I have just finished a new book, Small Talk, a collection of short literary or poem-like pieces largely based on real experience observed and/or participated in and some questions and reflections. My writing is meant for dialogue, dialogue with self and dialogue with other. I invite my readers to dialogue with me, and each other, through my Facebook page, by email and/or in person.
“Small Talk plays like jazz with improvisations, melody and different tempos. Marjorie Kanter fills the texts with irony, humor and sensitivity. To read her pieces is an expanded experience that changes every time you read them. Small Talk is a compilation of her work imagined, experienced, written and rewritten over the past ten years.” Delgado Guitart
Words matter. Actions matter. The same word, the same action can sometimes mean something quite similar to author and reader, yet at other times something very different from writer to reader and reader to reader, and yet still carry meaningful meaning. At the outset, I write for myself, to help let go of, enjoy, work through, understand, save a thought, an experience, a gesture, an encounter… When I decide to share my writing formally, it is because I feel I have reached a corpus that will be meaningful to others, that it can stand alone without me. Most of my writing is a reflection of real experience, either a short interact between several people or a reflection on life in feelings or thoughts.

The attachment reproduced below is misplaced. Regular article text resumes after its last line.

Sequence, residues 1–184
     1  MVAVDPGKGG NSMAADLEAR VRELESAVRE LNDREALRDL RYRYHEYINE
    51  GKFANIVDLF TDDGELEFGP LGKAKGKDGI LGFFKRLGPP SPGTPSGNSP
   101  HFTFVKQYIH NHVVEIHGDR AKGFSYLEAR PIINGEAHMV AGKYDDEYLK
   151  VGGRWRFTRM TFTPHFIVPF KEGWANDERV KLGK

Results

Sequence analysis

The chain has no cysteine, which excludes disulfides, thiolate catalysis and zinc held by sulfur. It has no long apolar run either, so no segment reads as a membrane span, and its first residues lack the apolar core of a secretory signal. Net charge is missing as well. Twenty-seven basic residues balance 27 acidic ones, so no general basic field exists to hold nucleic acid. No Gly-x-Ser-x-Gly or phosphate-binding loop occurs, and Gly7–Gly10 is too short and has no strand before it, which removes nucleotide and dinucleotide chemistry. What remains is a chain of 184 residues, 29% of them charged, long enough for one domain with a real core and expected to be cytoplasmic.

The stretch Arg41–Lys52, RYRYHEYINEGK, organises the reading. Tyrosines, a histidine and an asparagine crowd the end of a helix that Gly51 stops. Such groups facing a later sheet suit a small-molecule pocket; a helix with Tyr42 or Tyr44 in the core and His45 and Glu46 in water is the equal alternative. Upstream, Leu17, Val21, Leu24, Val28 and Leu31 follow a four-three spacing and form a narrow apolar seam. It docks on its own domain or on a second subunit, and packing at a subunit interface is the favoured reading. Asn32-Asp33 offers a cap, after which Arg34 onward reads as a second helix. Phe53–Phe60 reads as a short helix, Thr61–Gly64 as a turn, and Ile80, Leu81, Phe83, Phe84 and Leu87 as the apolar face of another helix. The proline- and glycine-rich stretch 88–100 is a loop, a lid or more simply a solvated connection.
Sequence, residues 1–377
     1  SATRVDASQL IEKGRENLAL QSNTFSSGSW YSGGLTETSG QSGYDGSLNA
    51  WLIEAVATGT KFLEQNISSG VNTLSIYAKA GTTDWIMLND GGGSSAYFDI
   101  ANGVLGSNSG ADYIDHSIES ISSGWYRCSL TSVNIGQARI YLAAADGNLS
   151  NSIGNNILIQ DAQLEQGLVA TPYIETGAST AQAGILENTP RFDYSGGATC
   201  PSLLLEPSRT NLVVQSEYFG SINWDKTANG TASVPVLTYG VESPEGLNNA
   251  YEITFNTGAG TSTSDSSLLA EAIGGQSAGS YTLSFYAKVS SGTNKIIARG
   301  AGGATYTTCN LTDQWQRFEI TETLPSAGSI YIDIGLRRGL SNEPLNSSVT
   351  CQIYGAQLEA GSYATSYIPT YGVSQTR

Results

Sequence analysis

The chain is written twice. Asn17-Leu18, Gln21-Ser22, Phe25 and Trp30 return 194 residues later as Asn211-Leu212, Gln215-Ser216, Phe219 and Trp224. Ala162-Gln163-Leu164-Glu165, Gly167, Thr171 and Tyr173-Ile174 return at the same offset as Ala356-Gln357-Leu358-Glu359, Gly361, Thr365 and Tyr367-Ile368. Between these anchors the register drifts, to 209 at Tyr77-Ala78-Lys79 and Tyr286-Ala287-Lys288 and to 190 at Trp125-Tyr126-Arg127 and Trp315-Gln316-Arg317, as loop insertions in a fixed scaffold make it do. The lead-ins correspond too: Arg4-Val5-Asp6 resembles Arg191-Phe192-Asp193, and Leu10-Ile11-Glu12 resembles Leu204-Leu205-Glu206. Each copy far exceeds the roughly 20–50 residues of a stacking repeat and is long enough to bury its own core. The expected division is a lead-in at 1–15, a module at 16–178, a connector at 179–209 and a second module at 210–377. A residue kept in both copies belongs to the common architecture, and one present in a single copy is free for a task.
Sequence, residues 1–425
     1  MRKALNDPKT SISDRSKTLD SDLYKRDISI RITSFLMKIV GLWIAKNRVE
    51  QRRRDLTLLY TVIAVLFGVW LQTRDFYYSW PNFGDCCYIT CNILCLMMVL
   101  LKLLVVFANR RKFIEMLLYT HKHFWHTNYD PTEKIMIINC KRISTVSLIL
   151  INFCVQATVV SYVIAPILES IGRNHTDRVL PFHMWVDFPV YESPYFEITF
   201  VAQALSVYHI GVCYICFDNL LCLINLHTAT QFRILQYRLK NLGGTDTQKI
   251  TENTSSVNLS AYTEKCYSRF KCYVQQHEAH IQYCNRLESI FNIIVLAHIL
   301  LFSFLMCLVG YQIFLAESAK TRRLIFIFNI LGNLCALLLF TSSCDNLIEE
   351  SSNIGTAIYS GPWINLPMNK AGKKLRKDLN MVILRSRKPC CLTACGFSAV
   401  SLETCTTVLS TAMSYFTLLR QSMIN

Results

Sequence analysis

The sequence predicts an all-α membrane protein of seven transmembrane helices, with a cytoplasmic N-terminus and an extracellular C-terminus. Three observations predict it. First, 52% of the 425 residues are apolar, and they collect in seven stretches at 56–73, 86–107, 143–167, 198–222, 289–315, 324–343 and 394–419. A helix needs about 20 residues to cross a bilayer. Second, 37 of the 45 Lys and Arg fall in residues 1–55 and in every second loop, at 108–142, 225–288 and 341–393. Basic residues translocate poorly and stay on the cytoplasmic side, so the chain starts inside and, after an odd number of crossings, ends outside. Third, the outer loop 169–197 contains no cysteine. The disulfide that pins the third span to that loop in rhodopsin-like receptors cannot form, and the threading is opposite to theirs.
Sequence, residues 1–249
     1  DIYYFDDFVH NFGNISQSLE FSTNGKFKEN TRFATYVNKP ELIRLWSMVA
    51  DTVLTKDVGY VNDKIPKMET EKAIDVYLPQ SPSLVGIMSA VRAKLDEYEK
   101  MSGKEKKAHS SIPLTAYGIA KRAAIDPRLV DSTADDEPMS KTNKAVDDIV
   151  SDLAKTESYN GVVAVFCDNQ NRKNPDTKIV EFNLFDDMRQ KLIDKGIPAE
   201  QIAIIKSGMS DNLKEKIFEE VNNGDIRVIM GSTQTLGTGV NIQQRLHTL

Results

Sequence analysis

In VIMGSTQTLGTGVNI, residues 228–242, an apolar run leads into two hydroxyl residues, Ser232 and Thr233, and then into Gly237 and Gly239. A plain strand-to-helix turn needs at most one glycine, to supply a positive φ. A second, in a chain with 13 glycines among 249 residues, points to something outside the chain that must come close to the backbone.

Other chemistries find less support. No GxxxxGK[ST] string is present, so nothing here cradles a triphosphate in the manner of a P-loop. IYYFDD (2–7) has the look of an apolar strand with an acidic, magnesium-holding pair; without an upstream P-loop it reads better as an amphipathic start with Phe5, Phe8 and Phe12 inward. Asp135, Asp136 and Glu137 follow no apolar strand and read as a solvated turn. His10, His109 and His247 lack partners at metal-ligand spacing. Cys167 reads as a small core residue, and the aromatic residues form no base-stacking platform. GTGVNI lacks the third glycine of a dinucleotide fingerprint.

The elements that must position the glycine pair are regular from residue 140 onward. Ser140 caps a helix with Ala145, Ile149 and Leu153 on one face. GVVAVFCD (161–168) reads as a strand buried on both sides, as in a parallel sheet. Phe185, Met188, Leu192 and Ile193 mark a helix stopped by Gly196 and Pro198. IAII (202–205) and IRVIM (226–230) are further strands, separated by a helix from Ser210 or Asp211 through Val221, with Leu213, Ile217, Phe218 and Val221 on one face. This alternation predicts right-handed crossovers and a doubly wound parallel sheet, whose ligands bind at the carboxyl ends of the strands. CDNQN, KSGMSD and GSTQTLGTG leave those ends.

Coming out of Bilingual Speech and Language Therapy, having failed French and Latin in high school, but always having had a real interest in languages and cultures and a desire to connect cross-culturally, Spain gave me my first real positive experience in the learning of a second language, and at the same time, opened the doors to my creativity; this living in a new culture that was/is sometimes so interesting, so marveling, and at other times, left/leaves me so terribly confused…even in a heavy state of frustration.
My writing began with scribblings in notebooks, or in fact anywhere, including on toilet paper, and in anyplace including in the middle of the street. It served (and still does) as a way to communicate with someone and that someone was/is myself. I wrote/write for myself. To communicate with myself. To get inside my experiences. To set things aside. To take distance. And mostly, just because I had/have to do it. I could/can not, not, do it.